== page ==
• November 13, 2014
  • 05:18 PM
  • 125 views

Limitless: The science behind remembering everything

by Gabriel in Lunatic Laboratories

If you could remember everything, you saw, learned, or did, would it be a blessing or a curse? Well an even better question would be, it even possible to upgrade the storage capabilities of the brain? The answer is strangely enough, maybe, according to a new study we might just be able to remember quite literally everything.
... Read more »

Denise Cook7, Erin Nuro7, Emma V. Jones, Haider F. Altimimi, W. Todd Farmer, Valentina Gandin,, Edith Hanna,, Ruiting Zong,, Alessandro Barbon,, David L. Nelson,, Ivan Topisirovic,, Joseph Rochford,, David Stellwagen,, Jean-Claude Béïque,, & Keith K. Murai. (2014) FXR1P Limits Long-Term Memory, Long-Lasting Synaptic Potentiation, and De Novo GluA2 Translation . Cell Reports. info:/10.1016/j.celrep.2014.10.028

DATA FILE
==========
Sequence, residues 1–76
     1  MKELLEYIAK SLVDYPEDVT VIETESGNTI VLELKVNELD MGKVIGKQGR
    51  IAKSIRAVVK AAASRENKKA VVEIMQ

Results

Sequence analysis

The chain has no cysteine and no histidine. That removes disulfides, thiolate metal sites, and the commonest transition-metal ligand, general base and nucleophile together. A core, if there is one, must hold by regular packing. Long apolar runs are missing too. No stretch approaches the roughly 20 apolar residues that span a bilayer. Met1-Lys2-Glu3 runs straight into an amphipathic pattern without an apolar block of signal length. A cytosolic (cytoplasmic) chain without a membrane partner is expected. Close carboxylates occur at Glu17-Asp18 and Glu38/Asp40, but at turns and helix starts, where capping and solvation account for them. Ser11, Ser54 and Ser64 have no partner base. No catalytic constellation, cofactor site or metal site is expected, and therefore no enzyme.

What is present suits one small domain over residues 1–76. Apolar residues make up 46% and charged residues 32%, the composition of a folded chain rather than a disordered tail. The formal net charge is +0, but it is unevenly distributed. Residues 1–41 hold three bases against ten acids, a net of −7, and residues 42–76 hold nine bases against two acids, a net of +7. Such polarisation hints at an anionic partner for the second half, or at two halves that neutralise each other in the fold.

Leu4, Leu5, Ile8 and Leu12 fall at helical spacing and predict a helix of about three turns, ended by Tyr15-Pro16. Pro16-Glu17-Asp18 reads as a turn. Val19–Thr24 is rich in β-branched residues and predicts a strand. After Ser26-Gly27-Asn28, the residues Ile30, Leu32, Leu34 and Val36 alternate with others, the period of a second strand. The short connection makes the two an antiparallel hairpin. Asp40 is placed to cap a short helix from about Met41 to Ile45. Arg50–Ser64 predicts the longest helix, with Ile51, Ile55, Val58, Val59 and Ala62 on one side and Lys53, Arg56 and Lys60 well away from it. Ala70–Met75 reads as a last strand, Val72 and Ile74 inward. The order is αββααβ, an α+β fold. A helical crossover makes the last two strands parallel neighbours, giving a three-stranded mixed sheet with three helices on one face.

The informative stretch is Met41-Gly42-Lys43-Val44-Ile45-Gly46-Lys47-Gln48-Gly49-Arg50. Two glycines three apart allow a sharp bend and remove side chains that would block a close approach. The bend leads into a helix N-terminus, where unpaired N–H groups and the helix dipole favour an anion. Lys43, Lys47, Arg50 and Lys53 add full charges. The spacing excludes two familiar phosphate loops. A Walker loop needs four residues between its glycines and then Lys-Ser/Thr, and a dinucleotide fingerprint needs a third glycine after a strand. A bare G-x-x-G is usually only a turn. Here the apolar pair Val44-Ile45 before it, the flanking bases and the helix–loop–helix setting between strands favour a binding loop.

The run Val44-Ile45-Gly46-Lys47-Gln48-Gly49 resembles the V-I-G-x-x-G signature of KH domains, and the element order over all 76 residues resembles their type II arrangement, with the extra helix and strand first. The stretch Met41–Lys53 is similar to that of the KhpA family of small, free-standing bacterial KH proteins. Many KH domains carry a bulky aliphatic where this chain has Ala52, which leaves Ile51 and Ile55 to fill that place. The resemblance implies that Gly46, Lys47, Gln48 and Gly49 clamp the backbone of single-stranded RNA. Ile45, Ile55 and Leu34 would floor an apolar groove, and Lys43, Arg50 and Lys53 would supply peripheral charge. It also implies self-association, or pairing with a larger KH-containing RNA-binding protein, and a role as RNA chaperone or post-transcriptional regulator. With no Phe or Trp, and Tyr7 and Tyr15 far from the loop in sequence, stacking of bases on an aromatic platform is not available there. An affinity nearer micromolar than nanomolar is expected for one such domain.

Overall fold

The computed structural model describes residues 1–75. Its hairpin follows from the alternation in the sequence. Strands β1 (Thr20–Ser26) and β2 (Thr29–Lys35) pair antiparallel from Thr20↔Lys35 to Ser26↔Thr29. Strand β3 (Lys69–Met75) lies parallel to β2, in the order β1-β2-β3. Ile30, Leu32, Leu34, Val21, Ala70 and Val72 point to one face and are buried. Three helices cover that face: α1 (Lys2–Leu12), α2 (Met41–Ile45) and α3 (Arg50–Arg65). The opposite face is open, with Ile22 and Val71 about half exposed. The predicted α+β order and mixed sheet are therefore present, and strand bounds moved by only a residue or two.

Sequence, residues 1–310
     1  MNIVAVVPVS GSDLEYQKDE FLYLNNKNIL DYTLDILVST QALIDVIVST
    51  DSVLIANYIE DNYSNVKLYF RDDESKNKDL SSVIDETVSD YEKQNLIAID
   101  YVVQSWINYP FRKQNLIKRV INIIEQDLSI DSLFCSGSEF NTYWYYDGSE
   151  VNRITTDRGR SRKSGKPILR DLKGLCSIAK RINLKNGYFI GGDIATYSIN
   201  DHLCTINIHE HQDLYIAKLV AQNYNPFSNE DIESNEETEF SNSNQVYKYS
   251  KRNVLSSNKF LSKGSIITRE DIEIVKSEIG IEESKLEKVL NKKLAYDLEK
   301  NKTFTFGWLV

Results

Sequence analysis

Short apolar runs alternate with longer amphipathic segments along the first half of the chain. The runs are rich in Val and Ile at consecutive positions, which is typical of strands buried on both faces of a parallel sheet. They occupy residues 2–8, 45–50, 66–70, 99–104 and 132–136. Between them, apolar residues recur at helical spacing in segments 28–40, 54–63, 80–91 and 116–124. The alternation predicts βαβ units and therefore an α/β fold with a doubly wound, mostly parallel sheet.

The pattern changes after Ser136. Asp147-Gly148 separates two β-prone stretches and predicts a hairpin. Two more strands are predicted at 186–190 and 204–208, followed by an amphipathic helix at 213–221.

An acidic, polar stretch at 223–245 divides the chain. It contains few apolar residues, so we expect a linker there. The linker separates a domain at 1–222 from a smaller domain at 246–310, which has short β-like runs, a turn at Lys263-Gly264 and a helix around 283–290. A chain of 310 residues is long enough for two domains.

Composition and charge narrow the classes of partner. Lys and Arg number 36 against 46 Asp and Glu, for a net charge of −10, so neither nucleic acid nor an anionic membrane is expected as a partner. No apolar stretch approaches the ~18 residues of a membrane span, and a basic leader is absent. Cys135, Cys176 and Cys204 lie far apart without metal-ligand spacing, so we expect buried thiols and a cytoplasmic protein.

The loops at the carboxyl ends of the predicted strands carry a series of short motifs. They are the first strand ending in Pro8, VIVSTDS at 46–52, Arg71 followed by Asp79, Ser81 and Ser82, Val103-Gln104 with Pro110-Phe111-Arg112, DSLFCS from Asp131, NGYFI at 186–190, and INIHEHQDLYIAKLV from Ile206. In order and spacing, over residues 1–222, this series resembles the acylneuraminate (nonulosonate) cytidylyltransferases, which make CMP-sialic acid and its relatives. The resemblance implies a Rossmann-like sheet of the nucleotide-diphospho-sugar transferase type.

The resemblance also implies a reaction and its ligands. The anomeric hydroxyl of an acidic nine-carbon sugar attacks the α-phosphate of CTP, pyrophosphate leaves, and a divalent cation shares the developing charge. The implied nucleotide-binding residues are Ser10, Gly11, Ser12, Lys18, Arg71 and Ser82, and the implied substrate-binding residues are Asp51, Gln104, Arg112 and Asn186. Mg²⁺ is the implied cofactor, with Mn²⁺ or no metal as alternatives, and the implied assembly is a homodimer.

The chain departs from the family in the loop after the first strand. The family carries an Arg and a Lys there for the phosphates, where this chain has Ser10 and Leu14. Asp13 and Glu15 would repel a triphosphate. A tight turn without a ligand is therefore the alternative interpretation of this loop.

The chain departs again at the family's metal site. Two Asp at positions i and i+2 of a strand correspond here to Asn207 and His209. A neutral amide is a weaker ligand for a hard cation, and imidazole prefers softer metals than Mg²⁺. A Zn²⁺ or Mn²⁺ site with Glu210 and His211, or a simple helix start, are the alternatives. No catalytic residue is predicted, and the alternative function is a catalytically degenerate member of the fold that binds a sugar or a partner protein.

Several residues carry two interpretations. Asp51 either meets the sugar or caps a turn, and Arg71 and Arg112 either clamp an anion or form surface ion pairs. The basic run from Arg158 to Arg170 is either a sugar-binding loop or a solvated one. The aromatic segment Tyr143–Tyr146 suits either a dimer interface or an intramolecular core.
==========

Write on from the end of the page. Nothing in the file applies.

• November 13, 2014
  • 01:27 PM
  • 104 views

“How Today’s College Students Use Wikipedia”: Journal Club Report by Helena Hollis

by Helena Hollis in DIS Student Blog

Summary of the article by A.J. Head and M.B. Eisenberg and the discussion of it at the UCL MA LIS Journal Club, which meets monthly.... Read more »

  • November 12, 2014
  • 04:38 PM
  • 107 views

Ever wonder how the brain maps our world?

by Gabriel in Lunatic Laboratories

Sometimes we go into automatic, that “new” coffee shop on your way to work you just noticed, well it has been there for weeks. We can gauge where we are from just about anywhere we have already been. Giving directions, well some of us can never do that, yet we can still get from point A to B easy enough. Yet if we were to drive or even walk backwards and the world wouldn’t feel quite right, things would feel and seem just a little weird — not just because we are used to seeing things pas........ Read more »